• 20 Sep, 2019

As I reported on Twitter, heavyweight Chase Sherman has stepped up on short notice to confront Dmitry Poberezhets in UFC 211 following month in Dallas. Sherman (9-3) replaces the wounded Jarjis Danho in this struggle and will be searching for his first UFC success. The 27-year-old has gone 0-2 in the UFC, dropping back-to-back conflicts against Justin Ledet and many recently Walt Harris in UFC Fight Night 103 at January. Meanwhile, Poberezhets (24-5-1) makes his promotional and North American debut on the heels of a 15-fight unbeaten series. The Ukrainian fighter hasn’t lost a fight since 2012. With this newest addition, here’s an updated look at the card… Main Card (c) Stipe Miocic (16-2) vs. Junior dos Santos (18-4) — Heavyweight Title Fight (c) Joanna Jedrzejczyk (13-0) vs. Jessica Andrade (16-5) — Strawweight Title Fight Demian Maia (24-6) vs. Jorge Masvidal (32-11) Frankie Edgar (21-5-1) vs. Yair Rodriguez (10-1) Henry Cejudo (10-2) vs. Sergio Pettis (15-2) Preliminary Card Eddie Alvarez (28-5) vs. Dustin Poirier (21-5) Jason Knight (16-2) vs. Chas Skelly (17-2) David Branch (20-3) vs. Krzysztof Jotko (19-1) Marco Polo Reyes (7-3) vs. James Vick (10-1) Fight Pass Preliminary Card Jessica Aguilar (19-5) vs. Cortney Casey (6-4) Enrique Barzola (12-3-1) vs. Gabriel Benitez (19-5) UFC releases Michael Graves after 2016 domestic violence arrest UFC officials announced Monday that welterweight Michael Graves (6-0-1) has been published from the advertising after being detained in October 2016 for domestic violence. Here’s an official statement from the UFC: In November 2016, welterweight Michael Graves was removed from his UFC bout after his arrest in Fulton County, Florida. As a potential violation of this UFC Fighter Conduct Policy, the UFC organization temporarily barred Graves from contest pending the completion of a third party investigation. Based on the findings of the thorough review and investigation, UFC has suggested Graves that he has been released from his contract effective immediately. UFC requires all athletes to behave in an ethical and accountable manner, as mandated by the UFC Fighter Conduct Policy. UFC retains its athletes to the maximum standard and will continue to take proper action if and when warranted. Disclaimer: This page includes affiliate links and MMA Odds Breaker will be compensated if you make a purchase after clicking on the links. Read more:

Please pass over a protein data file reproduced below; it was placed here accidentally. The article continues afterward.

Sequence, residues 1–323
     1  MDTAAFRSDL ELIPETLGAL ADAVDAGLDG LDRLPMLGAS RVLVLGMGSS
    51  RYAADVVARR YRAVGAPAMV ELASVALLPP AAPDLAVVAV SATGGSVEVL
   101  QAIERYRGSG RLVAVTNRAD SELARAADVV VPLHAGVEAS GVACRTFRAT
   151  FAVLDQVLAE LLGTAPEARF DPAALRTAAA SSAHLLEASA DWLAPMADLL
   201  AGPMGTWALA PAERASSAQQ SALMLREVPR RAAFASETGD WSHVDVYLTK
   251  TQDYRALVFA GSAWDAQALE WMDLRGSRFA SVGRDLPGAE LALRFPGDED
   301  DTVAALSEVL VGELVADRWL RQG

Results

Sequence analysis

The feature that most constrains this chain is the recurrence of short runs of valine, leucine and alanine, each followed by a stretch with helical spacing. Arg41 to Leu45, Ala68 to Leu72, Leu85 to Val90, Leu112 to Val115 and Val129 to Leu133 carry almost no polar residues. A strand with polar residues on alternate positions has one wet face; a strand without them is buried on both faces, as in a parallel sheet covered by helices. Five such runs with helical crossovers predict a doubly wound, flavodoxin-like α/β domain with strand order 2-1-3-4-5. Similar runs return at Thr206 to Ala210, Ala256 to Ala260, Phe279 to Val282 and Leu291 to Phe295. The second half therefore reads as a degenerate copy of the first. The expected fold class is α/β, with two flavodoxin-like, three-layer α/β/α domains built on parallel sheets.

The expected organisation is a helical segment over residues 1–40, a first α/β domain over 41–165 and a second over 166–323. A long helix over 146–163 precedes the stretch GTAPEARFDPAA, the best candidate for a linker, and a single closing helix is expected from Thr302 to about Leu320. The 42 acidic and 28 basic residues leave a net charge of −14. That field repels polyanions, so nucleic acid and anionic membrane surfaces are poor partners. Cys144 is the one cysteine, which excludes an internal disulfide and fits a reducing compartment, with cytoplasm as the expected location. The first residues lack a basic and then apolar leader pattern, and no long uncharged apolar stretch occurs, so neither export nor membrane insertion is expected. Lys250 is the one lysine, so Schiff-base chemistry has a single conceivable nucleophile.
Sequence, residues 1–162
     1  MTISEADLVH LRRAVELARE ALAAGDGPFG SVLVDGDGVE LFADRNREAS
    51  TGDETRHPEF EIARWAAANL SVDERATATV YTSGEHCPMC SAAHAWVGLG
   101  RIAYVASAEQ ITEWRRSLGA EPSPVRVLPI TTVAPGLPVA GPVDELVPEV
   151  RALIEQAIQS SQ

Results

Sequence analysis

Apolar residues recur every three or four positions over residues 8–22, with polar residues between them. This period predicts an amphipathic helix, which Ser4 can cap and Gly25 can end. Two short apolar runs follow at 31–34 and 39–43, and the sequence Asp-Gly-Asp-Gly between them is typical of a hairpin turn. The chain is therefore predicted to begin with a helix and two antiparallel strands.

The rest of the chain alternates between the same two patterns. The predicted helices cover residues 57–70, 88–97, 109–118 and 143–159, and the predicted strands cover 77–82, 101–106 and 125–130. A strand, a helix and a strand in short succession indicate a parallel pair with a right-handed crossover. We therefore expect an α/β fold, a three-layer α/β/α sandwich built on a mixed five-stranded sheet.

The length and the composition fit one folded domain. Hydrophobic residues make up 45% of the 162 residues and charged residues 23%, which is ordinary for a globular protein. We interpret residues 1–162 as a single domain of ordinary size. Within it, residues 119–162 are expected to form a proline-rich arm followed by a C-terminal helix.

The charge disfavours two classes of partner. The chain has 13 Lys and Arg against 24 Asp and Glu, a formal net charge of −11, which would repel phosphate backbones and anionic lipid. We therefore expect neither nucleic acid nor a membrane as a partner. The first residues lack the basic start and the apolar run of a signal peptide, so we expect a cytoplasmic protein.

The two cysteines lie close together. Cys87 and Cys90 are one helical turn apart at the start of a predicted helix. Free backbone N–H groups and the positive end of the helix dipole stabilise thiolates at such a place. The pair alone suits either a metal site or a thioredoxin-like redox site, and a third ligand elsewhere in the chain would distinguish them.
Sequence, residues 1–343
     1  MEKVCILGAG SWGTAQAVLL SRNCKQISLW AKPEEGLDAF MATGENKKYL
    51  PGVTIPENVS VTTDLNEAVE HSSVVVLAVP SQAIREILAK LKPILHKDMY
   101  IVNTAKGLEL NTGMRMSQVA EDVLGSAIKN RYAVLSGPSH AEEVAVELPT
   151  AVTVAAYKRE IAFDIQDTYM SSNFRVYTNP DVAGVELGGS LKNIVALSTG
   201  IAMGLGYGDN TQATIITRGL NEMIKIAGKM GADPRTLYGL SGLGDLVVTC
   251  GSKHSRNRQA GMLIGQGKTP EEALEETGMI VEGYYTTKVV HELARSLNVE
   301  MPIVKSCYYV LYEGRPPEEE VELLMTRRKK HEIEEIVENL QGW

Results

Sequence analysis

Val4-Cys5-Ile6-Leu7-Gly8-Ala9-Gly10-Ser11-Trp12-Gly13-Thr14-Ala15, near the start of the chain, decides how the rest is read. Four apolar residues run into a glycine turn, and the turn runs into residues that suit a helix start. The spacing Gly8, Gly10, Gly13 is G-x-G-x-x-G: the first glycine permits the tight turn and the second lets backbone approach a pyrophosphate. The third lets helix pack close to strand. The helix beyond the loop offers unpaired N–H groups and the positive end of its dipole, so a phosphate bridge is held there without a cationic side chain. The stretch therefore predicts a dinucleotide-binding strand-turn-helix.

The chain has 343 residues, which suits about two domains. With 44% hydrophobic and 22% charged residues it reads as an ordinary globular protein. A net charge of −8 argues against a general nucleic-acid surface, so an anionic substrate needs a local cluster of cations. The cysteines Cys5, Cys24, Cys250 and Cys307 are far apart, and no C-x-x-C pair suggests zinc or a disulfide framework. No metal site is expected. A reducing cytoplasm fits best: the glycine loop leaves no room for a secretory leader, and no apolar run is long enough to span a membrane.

Author @Bruce Brown

Bruce E. Brown has spent over 35 years as a teacher, coach, athletic administrator at the junior high, high school, junior college and collegiate level. He has coached football, basketball, baseball, and volleyball. Bruce and his team assists individuals, teams and organizations intentionally create, change or restore a culture of excellence and reach their full potential in both competence and character.
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